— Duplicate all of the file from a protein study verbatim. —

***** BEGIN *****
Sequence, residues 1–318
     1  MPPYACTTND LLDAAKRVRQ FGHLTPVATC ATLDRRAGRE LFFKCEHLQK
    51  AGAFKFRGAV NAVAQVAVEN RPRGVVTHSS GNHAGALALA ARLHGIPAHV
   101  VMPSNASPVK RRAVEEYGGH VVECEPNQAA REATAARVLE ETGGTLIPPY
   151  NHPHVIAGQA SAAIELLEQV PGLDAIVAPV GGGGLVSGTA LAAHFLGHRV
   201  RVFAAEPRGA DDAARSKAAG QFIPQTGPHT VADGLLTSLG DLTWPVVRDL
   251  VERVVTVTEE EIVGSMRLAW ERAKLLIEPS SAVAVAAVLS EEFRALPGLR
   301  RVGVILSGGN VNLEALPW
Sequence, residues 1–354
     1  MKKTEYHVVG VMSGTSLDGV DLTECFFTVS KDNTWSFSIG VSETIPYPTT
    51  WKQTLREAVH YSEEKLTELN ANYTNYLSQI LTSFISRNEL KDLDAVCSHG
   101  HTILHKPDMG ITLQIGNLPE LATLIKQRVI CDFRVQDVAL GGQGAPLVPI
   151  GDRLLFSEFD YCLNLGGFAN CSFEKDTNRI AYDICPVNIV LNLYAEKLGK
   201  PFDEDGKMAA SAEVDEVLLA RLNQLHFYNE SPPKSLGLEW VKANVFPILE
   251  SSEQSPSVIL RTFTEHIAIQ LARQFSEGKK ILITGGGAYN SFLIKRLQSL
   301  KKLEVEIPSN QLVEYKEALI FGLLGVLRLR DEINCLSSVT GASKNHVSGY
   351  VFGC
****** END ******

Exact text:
Sequence, residues 1–318
     1  MPPYACTTND LLDAAKRVRQ FGHLTPVATC ATLDRRAGRE LFFKCEHLQK
    51  AGAFKFRGAV NAVAQVAVEN RPRGVVTHSS GNHAGALALA ARLHGIPAHV
   101  VMPSNASPVK RRAVEEYGGH VVECEPNQAA REATAARVLE ETGGTLIPPY
   151  NHPHVIAGQA SAAIELLEQV PGLDAIVAPV GGGGLVSGTA LAAHFLGHRV
   201  RVFAAEPRGA DDAARSKAAG QFIPQTGPHT VADGLLTSLG DLTWPVVRDL
   251  VERVVTVTEE EIVGSMRLAW ERAKLLIEPS SAVAVAAVLS EEFRALPGLR
   301  RVGVILSGGN VNLEALPW
Sequence, residues 1–354
     1  MKKTEYHVVG VMSGTSLDGV DLTECFFTVS KDNTWSFSIG VSETIPYPTT
    51  WKQTLREAVH YSEEKLTELN ANYTNYLSQI LTSFISRNEL KDLDAVCSHG
   101  HTILHKPDMG ITLQIGNLPE LATLIKQRVI CDFRVQDVAL GGQGAPLVPI
   151  GDRLLFSEFD YCLNLGGFAN CSFEKDTNRI AYDICPVNIV LNLYAEKLGK
   201  PFDEDGKMAA SAEVDEVLLA RLNQLHFYNE SPPKSLGLEW VKANVFPILE
   251  SSEQSPSVIL RTFTEHIAIQ LARQFSEGKK ILITGGGAYN SFLIKRLQSL
   301  KKLEVEIPSN QLVEYKEALI FGLLGVLRLR DEINCLSSVT GASKNHVSGY
   351  VFGC